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Keith Dambrot’s immediate quest for Duquesne is improvement over respect |

Keith Dambrot’s immediate quest for Duquesne is improvement over respect

Jerry DiPaola
Duquesne’s Michael Hughes has 41 blocked shots in 13 Atlantic 10 games.

Keith Dambrot smiles when he thinks about the Atlantic 10 preseason poll.

“We were (picked) 11th (among 14 teams),” Duquesne’s coach said of voting by coaches and media. “We were 14th the year before and finished 10th. We earned so much respect that they picked us 11th.”

Gaining respect is difficult for Duquesne, which hasn’t been to the NCAA Tournament since 1977 and has only four 20-victory seasons in the past 48 years.

The Dukes (17-9, 8-5) must win the A-10 Tournament next month to get that elusive NCAA bid, but there still is much at stake as they approach the end of the regular season.

With at least six games remaining, 20 victories is attainable. Plus, the Dukes took that 11th-place projection and climbed into a tie for fifth with Saint Louis and St. Bonaventure. A victory Saturday at George Mason (15-11, 9-4) would clinch Duquesne’s sixth winning season in 42 years in the A-10.

It also would move the Dukes closer to one of four double byes in the A-10 Tournament that opens March 13 at Barclays Center in Brooklyn, N.Y.

But Dambrot doesn’t talk much about the tournament or byes or what people think of his team.

“I’m a little different,” he said. “I never really think about (byes) too much. A lot of people do because they think that’s the easiest path to get to the NCAA Tournament.

“My thing is just playing good basketball and playing better basketball and better basketball and better basketball and just trying to play our best basketball heading into the tournament and then play even better in the tournament.

“If we do that, we’ll be better suited.”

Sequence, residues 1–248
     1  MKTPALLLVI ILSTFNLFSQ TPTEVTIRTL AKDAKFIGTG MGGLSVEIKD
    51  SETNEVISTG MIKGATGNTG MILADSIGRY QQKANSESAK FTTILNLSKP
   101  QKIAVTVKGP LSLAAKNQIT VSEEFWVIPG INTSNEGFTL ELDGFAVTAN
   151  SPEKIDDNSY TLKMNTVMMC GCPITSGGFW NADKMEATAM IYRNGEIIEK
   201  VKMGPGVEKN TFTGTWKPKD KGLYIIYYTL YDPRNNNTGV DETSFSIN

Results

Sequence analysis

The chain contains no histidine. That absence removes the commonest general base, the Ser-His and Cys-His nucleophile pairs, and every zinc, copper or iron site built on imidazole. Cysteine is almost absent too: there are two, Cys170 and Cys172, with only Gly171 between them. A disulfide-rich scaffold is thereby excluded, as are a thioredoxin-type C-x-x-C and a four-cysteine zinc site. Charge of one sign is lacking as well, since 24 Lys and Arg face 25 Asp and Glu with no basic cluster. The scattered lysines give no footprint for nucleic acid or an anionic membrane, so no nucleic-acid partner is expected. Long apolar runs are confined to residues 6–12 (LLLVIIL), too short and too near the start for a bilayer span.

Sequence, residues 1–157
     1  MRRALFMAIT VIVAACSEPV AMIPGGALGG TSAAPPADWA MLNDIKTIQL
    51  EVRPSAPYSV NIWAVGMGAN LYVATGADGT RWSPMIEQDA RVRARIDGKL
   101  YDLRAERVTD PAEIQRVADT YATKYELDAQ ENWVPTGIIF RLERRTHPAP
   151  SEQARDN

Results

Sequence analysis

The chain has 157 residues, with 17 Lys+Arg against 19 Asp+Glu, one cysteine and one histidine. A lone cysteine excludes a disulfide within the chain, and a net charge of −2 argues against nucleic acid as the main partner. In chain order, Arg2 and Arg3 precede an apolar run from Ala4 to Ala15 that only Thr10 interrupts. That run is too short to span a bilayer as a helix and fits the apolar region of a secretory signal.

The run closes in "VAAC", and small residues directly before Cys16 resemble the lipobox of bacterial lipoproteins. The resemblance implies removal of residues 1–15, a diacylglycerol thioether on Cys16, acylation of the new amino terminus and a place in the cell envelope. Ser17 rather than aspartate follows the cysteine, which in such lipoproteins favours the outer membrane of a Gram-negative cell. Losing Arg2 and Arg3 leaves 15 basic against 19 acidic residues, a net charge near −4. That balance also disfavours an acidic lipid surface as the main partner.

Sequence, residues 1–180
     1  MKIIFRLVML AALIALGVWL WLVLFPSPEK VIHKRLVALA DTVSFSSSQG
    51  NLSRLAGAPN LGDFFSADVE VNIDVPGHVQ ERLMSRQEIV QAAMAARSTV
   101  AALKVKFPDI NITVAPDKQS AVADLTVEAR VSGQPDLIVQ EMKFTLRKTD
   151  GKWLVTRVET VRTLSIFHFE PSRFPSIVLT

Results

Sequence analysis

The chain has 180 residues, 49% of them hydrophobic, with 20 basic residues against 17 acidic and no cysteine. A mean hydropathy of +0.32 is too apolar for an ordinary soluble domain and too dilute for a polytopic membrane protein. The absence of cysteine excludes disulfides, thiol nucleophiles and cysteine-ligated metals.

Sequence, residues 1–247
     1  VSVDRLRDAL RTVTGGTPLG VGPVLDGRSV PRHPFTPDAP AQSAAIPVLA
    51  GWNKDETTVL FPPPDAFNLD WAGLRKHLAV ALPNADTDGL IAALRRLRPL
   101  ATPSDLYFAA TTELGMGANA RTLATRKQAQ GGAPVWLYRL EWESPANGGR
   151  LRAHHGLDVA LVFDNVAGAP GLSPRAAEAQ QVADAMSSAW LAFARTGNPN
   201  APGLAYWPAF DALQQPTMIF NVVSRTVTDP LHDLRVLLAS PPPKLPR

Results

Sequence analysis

With the games gaining more importance, Dambrot is as concerned about point guard Sincere Carry’s knees as anything. Carry, who leads the A-10 in assists (5.8) and the team in conference scoring (13.8), didn’t practice Friday and couldn’t have played if there was a game, Dambrot said. Yet, he still may Saturday.

“It’s a tough injury. If he was completely healthy, I’d feel a little better,” Dambrot said.

“But I like our other guys. We still have to win, whether he plays or not. We can’t make any excuses. Nobody cares.”

Carry’s status was uncertain Feb. 15 when he missed practice. But he played 36 minutes, recording 15 points and six assists the next day in an 85-69 victory against George Washington.

But it wasn’t just Carry.

“The last four minutes, we made every stop,” Dambrot said. “Mike Hughes has been good defensively in the last four minutes of a lot of games,” he said of the sophomore center who has 41 blocks in 13 conference games.

“When he’s really good defensively, we’re much better.”

But the final judgment on the Dukes is still to be determined.

“At the end of the year, they’ll say Duquesne’s record was this, this and this. They don’t care (6-foot-10 freshman center Austin) Rotroff was hurt or Sin was struggling with the knee or Tavian (Dunn-Martin) had a sprained ankle. Whatever the record is, that’s all they look at.”

Dambrot said winning 20 “would mean a lot when you look at the history of Duquesne.”

“We played good enough to win 20 games,” Dambrot said. “We just have to finish the job. It’s going to be hard. It’s a hard, ending schedule. They’re all hard for us.”

Jerry DiPaola is a Tribune-Review staff writer. You can contact Jerry by email at [email protected] or via Twitter .

Categories: Sports | Duquesne
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